The opinions expressed are those of the Fund’s managers and are not meant as investment advice or to predict or project the future performance of any investment product. The opinions are current through Dec. 31, 2017, are subject to change at any time based on market and other current conditions, and no forecasts can be guaranteed. This commentary is being provided as a general source of information and is not intended as a recommendation to purchase, sell, or hold any specific security or to engage in any investment strategy. Investment decisions should always be made based on an investor’s specific objectives, financial needs, risk tolerance and time horizon. Past performance is not a guarantee of future results.

Effective May 18, 2017, the Waddell & Reed Advisors Asset Strategy Fund was renamed Waddell & Reed Advisors Wilshire Global Allocation Fund and its investment strategy was changed to operate as a “fund of funds.” The Fund’s performance prior to that date reflects its former strategy; its performance may have differed if the Fund’s current strategy had been in place.

Wilshire Associates sub-advises a portion of the Fund consisting of the multi-asset segment, which invests in affiliated mutual funds, and shall have no responsibility over any other assets or segments of the Fund.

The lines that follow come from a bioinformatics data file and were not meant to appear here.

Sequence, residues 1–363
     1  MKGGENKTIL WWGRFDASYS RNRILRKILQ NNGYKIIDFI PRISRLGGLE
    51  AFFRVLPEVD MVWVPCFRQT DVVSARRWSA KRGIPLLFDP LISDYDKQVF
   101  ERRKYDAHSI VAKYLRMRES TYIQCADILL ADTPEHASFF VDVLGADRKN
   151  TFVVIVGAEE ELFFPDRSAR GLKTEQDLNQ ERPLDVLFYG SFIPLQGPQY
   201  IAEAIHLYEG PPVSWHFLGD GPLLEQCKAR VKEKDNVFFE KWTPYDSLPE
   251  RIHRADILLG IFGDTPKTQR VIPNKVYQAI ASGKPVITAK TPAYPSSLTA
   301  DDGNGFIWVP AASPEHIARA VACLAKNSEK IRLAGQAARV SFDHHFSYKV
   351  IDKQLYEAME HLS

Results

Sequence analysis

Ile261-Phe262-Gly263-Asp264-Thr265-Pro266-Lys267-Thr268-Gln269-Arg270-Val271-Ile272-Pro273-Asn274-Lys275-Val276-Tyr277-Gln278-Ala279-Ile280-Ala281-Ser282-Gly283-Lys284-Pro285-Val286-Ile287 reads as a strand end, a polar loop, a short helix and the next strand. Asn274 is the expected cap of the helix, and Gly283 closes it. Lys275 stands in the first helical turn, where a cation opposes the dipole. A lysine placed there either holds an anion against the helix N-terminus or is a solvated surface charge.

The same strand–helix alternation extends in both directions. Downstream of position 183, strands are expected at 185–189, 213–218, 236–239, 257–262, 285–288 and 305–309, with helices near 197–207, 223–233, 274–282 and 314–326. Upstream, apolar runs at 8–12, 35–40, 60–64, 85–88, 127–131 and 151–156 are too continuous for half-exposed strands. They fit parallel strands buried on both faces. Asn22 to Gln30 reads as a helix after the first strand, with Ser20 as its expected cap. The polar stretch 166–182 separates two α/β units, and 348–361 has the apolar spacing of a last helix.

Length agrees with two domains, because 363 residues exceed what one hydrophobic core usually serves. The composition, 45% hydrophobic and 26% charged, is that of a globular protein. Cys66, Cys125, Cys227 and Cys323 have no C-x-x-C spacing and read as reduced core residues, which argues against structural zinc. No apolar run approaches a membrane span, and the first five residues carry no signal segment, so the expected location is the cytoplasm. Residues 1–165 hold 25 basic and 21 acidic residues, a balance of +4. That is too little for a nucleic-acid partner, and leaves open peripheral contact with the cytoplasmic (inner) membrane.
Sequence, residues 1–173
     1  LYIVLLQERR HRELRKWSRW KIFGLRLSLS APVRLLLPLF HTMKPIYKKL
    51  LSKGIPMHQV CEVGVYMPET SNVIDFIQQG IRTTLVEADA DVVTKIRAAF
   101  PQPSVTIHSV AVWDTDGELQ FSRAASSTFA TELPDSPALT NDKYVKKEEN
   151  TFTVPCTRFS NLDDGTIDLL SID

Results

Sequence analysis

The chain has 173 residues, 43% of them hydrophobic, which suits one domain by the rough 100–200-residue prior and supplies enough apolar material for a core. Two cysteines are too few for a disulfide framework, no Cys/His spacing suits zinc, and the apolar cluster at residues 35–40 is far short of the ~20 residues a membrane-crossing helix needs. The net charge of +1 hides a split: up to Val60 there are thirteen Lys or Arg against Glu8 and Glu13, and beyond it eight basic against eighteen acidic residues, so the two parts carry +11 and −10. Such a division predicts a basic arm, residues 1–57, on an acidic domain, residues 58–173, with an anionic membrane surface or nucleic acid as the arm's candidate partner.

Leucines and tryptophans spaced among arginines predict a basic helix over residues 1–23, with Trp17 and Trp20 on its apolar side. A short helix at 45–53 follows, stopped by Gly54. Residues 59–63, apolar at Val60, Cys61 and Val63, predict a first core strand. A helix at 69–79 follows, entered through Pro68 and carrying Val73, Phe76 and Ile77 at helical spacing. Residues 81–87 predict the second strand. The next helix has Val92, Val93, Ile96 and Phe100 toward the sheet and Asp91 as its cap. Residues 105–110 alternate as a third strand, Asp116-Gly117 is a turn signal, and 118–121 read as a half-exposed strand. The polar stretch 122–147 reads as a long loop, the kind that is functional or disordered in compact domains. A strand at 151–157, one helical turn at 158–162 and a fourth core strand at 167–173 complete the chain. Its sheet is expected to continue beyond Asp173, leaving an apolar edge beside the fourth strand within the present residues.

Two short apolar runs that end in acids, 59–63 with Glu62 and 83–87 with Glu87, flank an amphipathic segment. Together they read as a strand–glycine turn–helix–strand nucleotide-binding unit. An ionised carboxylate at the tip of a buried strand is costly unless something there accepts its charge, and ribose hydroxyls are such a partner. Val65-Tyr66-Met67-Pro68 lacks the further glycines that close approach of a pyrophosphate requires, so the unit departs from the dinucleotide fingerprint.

Risk factors: The value of the Fund’s shares will change, and you could lose money on your investment. The performance of the Fund will depend on the success of the allocations among the chosen underlying funds. International investing involves additional risks, including currency fluctuations, political or economic conditions affecting the foreign country, and differences in accounting standards and foreign regulations. These risks are magnified in emerging markets. Fixed-income securities are subject to interest-rate risk and, as such, the net asset value of the Fund may fall as interest rates rise. Investing in high-income securities may carry a greater risk of nonpayment of interest or principal than higher-rated bonds. Investing in small-capitalization stocks may carry more risk than investing in stocks of larger more well-established companies. Although larger companies tend to be less volatile than companies with smaller market capitalizations, returns on investments in securities of large-capitalization companies could trail the returns on investments in securities of smaller companies. Investing in companies involved in one specified sector may be more risky and volatile than an investment with greater diversification. Investing in the energy sector can be riskier than other types of investment activities because of a range of factors, including price fluctuation caused by real and perceived inflationary trends and political developments, and the cost assumed by energy companies in complying with environmental safety regulations. Investing in commodities is generally considered speculative because of the significant potential for investment loss due to cyclical economic conditions, sudden political events, and adverse international monetary policies. Investment risks associated with investing in real estate securities, in addition to other risks, include rental income fluctuation, depreciation, property tax value changes and differences in real estate market values. Investment risks associated with investing in science and technology securities, in addition to other risks, include: operating in rapidly changing fields, abrupt or erratic market movements, limited product lines, markets or financial resources, management that is dependent on a limited number of people, short product cycles, aggressive pricing of products and services, new market entrants and obsolescence of existing technology. These and other risks are more fully described in the Fund’s prospectus. Not all funds or fund classes may be offered at all broker/ dealers.